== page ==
Characterization of FALDH mRNA Expression in Isolated Adipocytes—Another RAP-PCR product, recognizing a 4-kb mRNA by Northern blot analysis, corresponds to the FALDH gene. By using real time quantitative PCR, we observed a 4-fold increase in FALDH gene expression after stimulation of isolated adipocytes with insulin (10-7m, 6 h) (Fig. 1A). When adipocytes were incubated simultaneously with insulin and wortmannin (100 nm), the increase in expression was abolished, suggesting a PI3K-specific control on the FALDH gene. In parallel, we tested another growth factor, epidermal growth factor (EGF), which also activates the PI3K pathway in adipocytes (Fig. 1B). As expected, we observed the same increase in FALDH gene expression in cells stimulated with EGF and insulin, suggesting that both factors are able to control FALDH expression via a PI3K-dependent pathway. To confirm PI3K activation, a phosphoserine PKB Western blot was performed (Fig. 1B, bottom). Both insulin and EGF increase the phosphorylation of PKB on serine 473, which is compatible with PI3K-dependent PKB activation. Finally, to confirm the role of PI3K in the control of FALDH expression, we performed an adenovirus infection experiment (Fig. 1C) in which isolated adipocytes were infected with Ad-GFP as negative control or with Ad-p110α CAAX, a constitutively active form of PI3K (
). As expected, FALDH expression was increased upon insulin stimulation of adipocytes expressing GFP (4.19-fold). When cells were infected with Ad-p110α CAAX, we observed an insulin-independent increase in FALDH mRNA expression (3.32-fold). Moreover, FALDH expression was not modified in adipocytes ectopically expressing p110α CAAX and treated with the PI3K inhibitor, LY294002. These results confirm that FALDH expression is controlled by a PI3K-dependent pathway.
Effect of Insulin on FALDH Activity in Isolated Hepatocytes—To determine whether insulin increased FALDH activity, we performed FALDH activity measurements on isolated hepatocytes after insulin stimulation (10-7m, 16 h) as described previously (
). As a positive control for FALDH activity, hepatocytes were infected with adenovirus expressing FALDH, and the associated FALDH activity was measured as described under “Experimental Procedures.” We observed an increase in FALDH activity in cells infected with Ad-FALDH (+58%) in comparison to cells infected with Ad-GFP alone (Fig. 1D). Likewise, when cells were stimulated with insulin, we found a significant increase in FALDH activity in comparison to non-stimulated cells.
Tissue Distribution of FALDH Gene—To analyze the tissue distribution of the FALDH gene, we performed Northern blot analysis using total RNA from different rat tissues. As presented in Fig. 2, FALDH mRNA is expressed in all tissues tested except in skeletal muscle and spleen. In addition, the highest FALDH mRNA level was observed in the liver, which is in keeping with the major detoxification function of this organ.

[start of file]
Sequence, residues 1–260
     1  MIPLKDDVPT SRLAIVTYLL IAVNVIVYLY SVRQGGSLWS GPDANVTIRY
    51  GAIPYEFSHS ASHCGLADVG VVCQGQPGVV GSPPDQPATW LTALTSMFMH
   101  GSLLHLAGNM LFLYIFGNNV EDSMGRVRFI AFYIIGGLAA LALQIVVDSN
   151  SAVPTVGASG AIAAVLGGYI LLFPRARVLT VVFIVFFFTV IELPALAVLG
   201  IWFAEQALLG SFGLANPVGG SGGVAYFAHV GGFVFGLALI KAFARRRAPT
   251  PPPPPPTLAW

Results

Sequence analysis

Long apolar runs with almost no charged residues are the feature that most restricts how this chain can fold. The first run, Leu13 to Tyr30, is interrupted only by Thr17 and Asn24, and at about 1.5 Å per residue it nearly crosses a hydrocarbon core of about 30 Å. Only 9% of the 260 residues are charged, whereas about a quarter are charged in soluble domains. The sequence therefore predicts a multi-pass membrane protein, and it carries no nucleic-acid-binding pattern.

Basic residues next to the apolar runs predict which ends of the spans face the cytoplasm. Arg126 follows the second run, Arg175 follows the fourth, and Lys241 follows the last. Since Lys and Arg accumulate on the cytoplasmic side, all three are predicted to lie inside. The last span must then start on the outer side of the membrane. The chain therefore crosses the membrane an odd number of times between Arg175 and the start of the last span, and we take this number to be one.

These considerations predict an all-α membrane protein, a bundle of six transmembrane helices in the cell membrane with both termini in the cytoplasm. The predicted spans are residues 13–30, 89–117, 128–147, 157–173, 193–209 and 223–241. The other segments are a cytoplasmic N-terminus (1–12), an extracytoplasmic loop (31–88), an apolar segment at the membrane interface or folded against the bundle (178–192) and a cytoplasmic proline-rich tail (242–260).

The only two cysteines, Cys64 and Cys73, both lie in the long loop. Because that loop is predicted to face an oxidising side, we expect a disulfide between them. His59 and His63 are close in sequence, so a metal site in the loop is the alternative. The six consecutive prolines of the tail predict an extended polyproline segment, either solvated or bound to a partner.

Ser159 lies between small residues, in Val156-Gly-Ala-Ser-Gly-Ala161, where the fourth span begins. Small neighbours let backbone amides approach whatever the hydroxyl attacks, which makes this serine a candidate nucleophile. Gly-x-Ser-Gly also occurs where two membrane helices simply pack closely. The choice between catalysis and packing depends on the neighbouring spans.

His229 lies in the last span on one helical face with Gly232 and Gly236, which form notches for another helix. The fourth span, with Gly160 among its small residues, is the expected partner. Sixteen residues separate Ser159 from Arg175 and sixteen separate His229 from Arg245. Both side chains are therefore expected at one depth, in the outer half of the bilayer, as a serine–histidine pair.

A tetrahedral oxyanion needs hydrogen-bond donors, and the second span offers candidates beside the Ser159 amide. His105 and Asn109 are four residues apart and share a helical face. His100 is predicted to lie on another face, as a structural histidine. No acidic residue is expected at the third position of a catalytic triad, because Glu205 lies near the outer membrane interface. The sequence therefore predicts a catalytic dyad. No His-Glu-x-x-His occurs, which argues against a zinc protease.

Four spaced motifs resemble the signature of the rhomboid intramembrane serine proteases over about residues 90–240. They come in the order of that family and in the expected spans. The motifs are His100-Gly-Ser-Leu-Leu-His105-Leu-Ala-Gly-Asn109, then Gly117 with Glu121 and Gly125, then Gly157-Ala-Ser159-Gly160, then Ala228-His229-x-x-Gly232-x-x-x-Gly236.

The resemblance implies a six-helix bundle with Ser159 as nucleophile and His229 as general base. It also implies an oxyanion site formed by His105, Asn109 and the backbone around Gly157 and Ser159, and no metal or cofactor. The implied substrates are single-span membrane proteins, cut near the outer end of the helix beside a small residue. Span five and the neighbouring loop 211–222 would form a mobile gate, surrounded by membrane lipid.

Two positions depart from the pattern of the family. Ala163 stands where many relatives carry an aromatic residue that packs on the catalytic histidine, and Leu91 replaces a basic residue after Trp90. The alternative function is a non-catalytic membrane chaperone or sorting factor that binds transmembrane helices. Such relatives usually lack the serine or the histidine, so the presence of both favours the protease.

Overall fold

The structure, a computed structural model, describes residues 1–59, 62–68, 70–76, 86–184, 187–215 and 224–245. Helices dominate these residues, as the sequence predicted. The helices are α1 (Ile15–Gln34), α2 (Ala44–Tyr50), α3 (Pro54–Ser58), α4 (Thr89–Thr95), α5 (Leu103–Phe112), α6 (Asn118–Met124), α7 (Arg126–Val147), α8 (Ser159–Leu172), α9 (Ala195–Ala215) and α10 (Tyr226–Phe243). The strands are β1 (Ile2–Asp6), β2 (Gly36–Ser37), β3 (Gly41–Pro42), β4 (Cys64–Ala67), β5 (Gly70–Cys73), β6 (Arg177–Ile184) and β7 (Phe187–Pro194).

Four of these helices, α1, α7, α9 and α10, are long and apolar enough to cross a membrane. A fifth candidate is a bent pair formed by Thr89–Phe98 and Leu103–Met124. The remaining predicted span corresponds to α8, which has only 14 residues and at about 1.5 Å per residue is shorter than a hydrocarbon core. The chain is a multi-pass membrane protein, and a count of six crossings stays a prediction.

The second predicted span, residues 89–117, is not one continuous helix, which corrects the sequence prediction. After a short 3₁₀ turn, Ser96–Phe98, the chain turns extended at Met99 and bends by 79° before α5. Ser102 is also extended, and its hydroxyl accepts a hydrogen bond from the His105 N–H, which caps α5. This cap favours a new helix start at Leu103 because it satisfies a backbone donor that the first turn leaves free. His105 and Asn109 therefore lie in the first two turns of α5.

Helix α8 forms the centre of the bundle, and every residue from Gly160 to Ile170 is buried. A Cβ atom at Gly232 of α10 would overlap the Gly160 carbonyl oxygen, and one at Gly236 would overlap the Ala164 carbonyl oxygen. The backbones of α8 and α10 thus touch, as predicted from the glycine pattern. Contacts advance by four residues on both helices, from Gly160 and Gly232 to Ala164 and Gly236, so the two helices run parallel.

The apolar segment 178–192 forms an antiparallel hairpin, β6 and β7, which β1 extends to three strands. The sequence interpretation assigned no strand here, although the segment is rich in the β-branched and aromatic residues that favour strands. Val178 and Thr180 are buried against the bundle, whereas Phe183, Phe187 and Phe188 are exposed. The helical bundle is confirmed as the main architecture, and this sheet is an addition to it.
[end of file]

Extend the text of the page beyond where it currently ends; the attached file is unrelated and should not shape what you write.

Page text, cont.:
Effects of Insulin Administration on FALDH mRNA Expression in Insulin-responsive Tissues—To determine whether insulin increases FALDH gene expression in vivo, we examined FALDH expression in liver, white adipose tissue, and skeletal muscle of fasted rats after insulin administration (1 IU/kg). RNA was extracted from fat pads, liver, and skeletal muscle 6 h following insulin injection. FALDH expression was examined by Northern blot (Fig. 3A). As a positive control for insulin-induced gene expression, we analyzed the expression of the FAS gene (data not shown). Insulin induced a 2.5-fold increase in the expression of FALDH in the liver. In contrast, by Northern blot, FALDH was not detected in white adipose tissue and in skeletal muscle of either control or insulin-treated animals. By using the more sensitive real time quantitative PCR assay, we examined the amount of FALDH mRNA in WAT and in skeletal muscle. In adipose tissue, we also found a 2.5-fold increase in FALDH mRNA level (Fig. 3B). In contrast, we did not detect expression of FALDH in skeletal muscle in control or insulin-treated animals. Together, our data suggest that insulin plays a role in vivo as a stimulator of FALDH gene expression in the liver and in white adipose tissue.
Effect of Food Intake on FALDH mRNA Expression—Because food intake increases plasma insulin concentration, we also examined the effect of fasting and refeeding on FALDH gene expression. After fasting overnight, mice were divided into the following three groups: one group served as a control fasting group, a second group was treated for 6 h with insulin (1 IU/kg), and the third group was refed a standard diet for 8 h. FALDH expression was analyzed by Northern blot in liver and by real time quantitative PCR in fat pads. Fig. 4A shows the increase in the expression of the FALDH transcript in the liver after insulin stimulation as well as after refeeding. Likewise, by real time PCR we observed a 2-fold increase in FALDH gene expression after refeeding in white adipose tissue (Fig. 4B). To summarize, both insulin injection and food intake increase the expression of the FALDH gene in rat liver and white adipose tissue.